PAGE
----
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How Press Secretary Josh Earnest made sure he knew what Obama was thinking

Josh Earnest, White House press secretary since 2014, was there when Barack Obama was running for president, and he'll be there when the lights go out on the Obama White House. As he prepares to leave the podium, Earnest sits down with John Yang to discuss the role of being the gatekeeper between the press and the president.

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  • JUDY WOODRUFF:

    Tonight marks President Obama's final full day in office.

    We look back at those years now with someone who was there with him from day one, his press secretary, Josh Earnest.

    John Yang met with Earnest at the White House to ask him about the challenges of the job and what he wishes for his successor.

  • JOSH EARNEST, White House Press Secretary:

    I joined the campaign in April 2007, so it's been a while now.

  • JOHN YANG:

    Josh Earnest was there when Barack Obama was a senator running for president, and he will be there when the lights go out in the Obama White House.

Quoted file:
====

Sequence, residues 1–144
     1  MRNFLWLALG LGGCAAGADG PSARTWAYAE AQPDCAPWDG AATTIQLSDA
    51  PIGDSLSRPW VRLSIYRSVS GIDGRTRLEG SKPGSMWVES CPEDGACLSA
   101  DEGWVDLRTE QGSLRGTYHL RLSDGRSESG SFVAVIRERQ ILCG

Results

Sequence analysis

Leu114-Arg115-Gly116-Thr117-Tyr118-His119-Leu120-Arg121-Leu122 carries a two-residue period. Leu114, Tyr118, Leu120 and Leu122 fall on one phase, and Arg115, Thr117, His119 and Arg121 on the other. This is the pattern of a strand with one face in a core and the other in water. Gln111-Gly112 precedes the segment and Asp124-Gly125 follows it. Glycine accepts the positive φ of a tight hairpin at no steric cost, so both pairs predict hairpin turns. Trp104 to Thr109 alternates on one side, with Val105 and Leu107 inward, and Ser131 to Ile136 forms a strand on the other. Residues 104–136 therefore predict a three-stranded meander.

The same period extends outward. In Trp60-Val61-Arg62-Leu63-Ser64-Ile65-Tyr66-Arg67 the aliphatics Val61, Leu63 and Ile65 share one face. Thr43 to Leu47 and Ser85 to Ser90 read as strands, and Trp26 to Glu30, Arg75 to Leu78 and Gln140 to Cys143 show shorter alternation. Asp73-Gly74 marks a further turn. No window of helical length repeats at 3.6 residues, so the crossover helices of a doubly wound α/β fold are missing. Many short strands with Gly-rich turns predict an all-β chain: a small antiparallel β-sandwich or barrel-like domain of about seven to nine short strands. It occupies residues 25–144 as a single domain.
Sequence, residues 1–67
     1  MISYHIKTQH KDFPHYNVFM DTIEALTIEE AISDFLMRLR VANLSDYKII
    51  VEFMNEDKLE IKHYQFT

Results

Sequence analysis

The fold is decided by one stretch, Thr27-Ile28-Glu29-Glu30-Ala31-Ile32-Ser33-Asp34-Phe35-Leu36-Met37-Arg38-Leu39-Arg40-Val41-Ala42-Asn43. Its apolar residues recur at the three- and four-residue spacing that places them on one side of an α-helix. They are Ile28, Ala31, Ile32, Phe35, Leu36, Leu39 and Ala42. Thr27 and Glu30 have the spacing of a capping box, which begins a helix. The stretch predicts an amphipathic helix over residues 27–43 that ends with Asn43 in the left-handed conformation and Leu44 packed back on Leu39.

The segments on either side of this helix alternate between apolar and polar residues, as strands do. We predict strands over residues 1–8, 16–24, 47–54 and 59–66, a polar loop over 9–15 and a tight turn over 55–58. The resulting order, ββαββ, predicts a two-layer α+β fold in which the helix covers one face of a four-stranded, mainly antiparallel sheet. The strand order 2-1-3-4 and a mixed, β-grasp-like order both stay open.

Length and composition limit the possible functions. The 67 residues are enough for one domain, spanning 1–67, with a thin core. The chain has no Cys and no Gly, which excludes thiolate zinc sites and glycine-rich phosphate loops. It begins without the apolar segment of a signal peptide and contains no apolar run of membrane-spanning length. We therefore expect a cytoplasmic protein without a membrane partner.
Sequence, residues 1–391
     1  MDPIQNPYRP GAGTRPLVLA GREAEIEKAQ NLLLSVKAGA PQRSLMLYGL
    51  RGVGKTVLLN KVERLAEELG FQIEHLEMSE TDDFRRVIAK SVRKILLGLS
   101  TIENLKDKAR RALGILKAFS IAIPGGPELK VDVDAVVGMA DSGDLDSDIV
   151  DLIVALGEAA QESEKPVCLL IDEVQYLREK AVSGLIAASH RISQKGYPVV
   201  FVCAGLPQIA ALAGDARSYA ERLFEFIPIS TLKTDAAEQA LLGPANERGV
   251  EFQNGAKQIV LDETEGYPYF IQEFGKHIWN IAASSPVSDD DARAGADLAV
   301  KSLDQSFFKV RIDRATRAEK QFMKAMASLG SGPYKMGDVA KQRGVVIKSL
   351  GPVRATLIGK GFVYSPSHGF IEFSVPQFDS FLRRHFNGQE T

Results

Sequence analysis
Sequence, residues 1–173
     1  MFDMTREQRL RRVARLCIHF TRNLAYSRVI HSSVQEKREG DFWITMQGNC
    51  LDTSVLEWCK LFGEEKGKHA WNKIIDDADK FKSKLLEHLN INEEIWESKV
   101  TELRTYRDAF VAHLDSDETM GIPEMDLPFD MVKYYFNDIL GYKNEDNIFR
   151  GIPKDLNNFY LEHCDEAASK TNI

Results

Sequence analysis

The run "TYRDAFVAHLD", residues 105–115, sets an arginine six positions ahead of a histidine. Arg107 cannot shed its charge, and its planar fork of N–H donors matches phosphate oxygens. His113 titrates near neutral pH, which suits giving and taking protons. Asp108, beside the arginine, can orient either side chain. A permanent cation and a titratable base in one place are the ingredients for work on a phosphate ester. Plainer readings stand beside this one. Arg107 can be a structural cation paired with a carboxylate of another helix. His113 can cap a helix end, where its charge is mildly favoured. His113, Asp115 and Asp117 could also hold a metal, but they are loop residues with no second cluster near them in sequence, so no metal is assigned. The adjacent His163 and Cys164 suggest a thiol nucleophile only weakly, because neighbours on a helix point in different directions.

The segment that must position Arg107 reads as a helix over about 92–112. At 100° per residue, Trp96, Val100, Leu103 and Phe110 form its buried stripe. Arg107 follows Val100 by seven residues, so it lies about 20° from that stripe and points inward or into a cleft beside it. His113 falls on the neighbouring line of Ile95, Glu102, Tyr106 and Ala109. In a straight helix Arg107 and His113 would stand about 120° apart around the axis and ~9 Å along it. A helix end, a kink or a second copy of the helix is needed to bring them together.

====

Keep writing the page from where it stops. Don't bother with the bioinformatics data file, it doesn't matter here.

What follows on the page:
• JOSH EARNEST:

    Thank you, all. It's been a genuine pleasure.

  • JOHN YANG:

    So, flash-forward eight years.

  • JOSH EARNEST:

    Yes.

  • JOHN YANG:

    What does it feel like?

  • JOSH EARNEST:

    It feels like that was a million years ago, but it feels like that million years has flown by.

  • JOHN YANG:

    Earnest took over from Jay Carney as White House press secretary in 2014.

  • PRESIDENT BARACK OBAMA:

    Today, the flak jacket is officially passed to a new generation, Mr. Josh Earnest.

  • JOSH EARNEST:

    When he first offered me this job back in the summer of 2014, we were talking a little bit about what his expectations were for the person who was going to be in this role.

  • And he said:

    You know, one of the things you should know is, I don't intend to watch your briefing every day. And if there's ever a situation where you're prepared to walk out to the briefing, and there's something that you're not sure about or something you need to ask me about, then just let me know, and I will make sure that that have got an opportunity to come in here and talk to me before you have to go there and address the public.

    It's something that I have used frequently to make sure that the information that I'm conveying to the reporters in this room is not just accurate, but accurately reflects the president's thinking.

  • JOHN YANG:

    In 345 briefings, an exercise he's likened to catching javelins, Earnest has defended President Obama's policies.

  • JOSH EARNEST:

    That's consistent with the president's vision since he took office, and it's also consistent with his record.

  • JOHN YANG:

    Bantered with reporters.

  • JOSH EARNEST:

    I'm sure we will try to come up with something to talk about today.

  • JOHN YANG:

    And even raised eyebrows and drew criticism by mocking then candidate Donald Trump's appearance.

  • JOSH EARNEST: